All buses, trains and trams are free in Luxembourg starting today, 1 March 2020! As far as I know, it is the only country in the world that has free public transport. It has slightly over 600,000 inhabitants in an area of 2,586 square kilometres. However, about 200,000 people living in France, Belgium and Germany cross the borders every day to work there; and I am one of them.
While the Luxembourgish government saves on the collection of fares and the policing of valid tickets, I have extra euros in my pocket (I only have to pay up to the border as required by the French government). Hat’s off to those who contributed to such environmentally-friendly decision (less private vehicles on the road). Of course, there are nayers to free public transport, and their reasons include the possibility of degradation of the property and condition of travelling due to rowdy people who are unlikely to be in paid transportation.
During the daily commute by bus from France to Luxembourg and back, it is always the same scenario. Some passengers who get into the bus first, occupy two seats: one for their body and the other for their belongings (e.g., bags, coats, etc.). In the beginning, I thought it was fun observing people walking up and down the aisles trying to find friendly faces to ask for seats. These days, I find this annoying and believe that if passengers want to occupy two seats, they should pay for two tickets and put a note on an unoccupied one with something like “I’ve paid for this seat because I can’t be bothered by your smell, telephone conversations, or light/image from your online activity,” or simply “I don’t like being close with another human being”.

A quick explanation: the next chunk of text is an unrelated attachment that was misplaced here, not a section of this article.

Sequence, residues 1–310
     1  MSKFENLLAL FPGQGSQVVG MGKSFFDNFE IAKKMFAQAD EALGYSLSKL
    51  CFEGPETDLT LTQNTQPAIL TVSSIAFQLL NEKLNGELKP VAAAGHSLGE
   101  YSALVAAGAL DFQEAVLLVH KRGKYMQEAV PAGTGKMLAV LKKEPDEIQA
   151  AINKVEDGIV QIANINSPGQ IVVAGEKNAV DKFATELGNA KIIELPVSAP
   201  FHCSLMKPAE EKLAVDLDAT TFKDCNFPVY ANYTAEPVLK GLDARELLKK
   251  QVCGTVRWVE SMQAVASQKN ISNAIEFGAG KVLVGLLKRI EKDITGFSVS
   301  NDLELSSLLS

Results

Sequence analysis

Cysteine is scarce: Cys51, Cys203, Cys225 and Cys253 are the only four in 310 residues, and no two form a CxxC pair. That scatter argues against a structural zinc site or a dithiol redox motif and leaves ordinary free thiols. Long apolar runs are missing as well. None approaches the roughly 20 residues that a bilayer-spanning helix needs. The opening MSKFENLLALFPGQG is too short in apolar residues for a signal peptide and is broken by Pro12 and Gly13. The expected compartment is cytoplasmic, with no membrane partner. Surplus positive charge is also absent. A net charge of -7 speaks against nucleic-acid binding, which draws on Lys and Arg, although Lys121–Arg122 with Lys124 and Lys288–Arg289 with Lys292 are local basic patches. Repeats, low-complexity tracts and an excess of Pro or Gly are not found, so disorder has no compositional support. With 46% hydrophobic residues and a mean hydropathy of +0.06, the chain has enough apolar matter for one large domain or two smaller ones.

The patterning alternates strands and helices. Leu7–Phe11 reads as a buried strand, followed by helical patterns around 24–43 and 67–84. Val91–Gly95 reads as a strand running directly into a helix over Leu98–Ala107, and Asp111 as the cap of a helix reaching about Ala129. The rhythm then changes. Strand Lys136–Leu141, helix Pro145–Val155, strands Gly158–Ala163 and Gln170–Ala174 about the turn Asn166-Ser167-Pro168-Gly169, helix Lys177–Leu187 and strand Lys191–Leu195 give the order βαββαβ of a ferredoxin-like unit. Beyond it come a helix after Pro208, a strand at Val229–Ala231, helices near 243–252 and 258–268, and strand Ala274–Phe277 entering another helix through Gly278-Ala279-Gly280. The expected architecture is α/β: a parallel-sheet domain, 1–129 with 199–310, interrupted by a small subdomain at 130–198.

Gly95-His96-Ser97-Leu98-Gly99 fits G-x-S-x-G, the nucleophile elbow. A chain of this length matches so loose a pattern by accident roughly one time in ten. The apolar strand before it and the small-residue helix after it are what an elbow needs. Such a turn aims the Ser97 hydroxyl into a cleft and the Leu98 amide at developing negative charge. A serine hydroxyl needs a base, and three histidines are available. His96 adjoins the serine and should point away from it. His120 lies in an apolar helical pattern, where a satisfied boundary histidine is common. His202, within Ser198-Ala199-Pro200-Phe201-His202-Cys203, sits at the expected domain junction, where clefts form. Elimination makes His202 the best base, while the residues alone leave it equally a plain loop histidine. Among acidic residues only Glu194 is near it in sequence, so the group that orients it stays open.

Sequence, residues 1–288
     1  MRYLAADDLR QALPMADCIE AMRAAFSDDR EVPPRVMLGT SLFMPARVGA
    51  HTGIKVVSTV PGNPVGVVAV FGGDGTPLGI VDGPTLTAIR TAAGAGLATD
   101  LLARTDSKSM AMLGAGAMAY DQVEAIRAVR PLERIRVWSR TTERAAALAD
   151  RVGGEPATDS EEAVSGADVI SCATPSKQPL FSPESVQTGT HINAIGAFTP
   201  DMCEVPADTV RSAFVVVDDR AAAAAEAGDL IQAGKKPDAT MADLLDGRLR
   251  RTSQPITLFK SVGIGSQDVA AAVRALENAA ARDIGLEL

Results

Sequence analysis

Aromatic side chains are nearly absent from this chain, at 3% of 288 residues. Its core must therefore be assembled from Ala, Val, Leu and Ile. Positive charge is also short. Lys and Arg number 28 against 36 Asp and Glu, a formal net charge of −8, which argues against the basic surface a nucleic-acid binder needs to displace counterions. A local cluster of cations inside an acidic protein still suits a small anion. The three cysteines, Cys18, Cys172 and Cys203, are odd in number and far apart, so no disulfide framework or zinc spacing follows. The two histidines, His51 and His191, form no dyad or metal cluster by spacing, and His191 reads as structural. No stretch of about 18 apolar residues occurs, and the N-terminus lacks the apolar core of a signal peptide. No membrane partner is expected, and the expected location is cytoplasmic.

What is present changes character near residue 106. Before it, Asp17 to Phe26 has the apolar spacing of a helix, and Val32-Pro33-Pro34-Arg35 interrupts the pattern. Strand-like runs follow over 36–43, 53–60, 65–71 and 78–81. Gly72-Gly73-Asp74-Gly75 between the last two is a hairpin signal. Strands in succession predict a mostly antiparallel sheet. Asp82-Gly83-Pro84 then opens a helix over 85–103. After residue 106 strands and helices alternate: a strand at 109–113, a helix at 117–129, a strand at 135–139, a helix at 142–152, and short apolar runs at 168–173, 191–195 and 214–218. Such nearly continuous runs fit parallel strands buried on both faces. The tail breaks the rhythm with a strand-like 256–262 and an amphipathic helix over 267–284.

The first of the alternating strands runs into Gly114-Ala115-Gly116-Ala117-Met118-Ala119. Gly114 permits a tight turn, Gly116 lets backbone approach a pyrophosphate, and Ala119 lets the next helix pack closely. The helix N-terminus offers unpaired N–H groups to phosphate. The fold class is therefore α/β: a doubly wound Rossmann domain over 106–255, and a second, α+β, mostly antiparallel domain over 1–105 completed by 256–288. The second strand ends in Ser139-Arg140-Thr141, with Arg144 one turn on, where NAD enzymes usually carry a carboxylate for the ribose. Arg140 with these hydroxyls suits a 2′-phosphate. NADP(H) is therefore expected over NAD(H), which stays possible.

This morning, I took a double-decker bus and decided to be on the second level. I had my work and lunch bags and jacket on a vacant seat next to the one I was occupying. There were three stops before I got off, so there were several people going up and down eyeing for seats. As usual, when new passengers came in, I transferred my belongings to my lap. It was only 7:30 AM, so the bus was not crowded and there two seats per person for the majority of us. As expected, I had to carry a load of computer, books and lunch bag on my lap for more than one hour. Why did I have that discomfort and inconvenience when the women in front, behind and to my right had their small shoulder bags neatly rested on the vacant seats. Honestly, I was hoping no one would see the empty seat next to me. Why did I take my things away, which was surely interpreted as an invitation to sit? I also prefer to have two seats, like other passengers; however, my sense of courtesy and empathy are ahead of it.
Meanwhile, one of my fellow female passengers has become a friend. After saying “merci” (thank you in French), she added that the others pretended she was invisible and was pleased when she saw me smiling, as she knew instantly that she did not have to “beg” for a seat. Last December, she came to our house with her 17-year-old son for tea, and we enjoyed eating the home-made “Bredele au beurre” Christmas biscuits they brought.
Two of DH News Vancouver’s (Canada) 25 Public Transit Etiquettes (https://dailyhive.com/vancouver/the-top-20-public-transit-etiquette-rules-you-should-know-and-follow) are: “8. One seat per person is common etiquette, especially during peak hours and when the seats inside the vehicle are almost completely occupied; 9. Seats are for your bottoms only: keep your dirty shoes away from the seats – do not rest your feet on a seat.” We should have these etiquettes written on all public transports.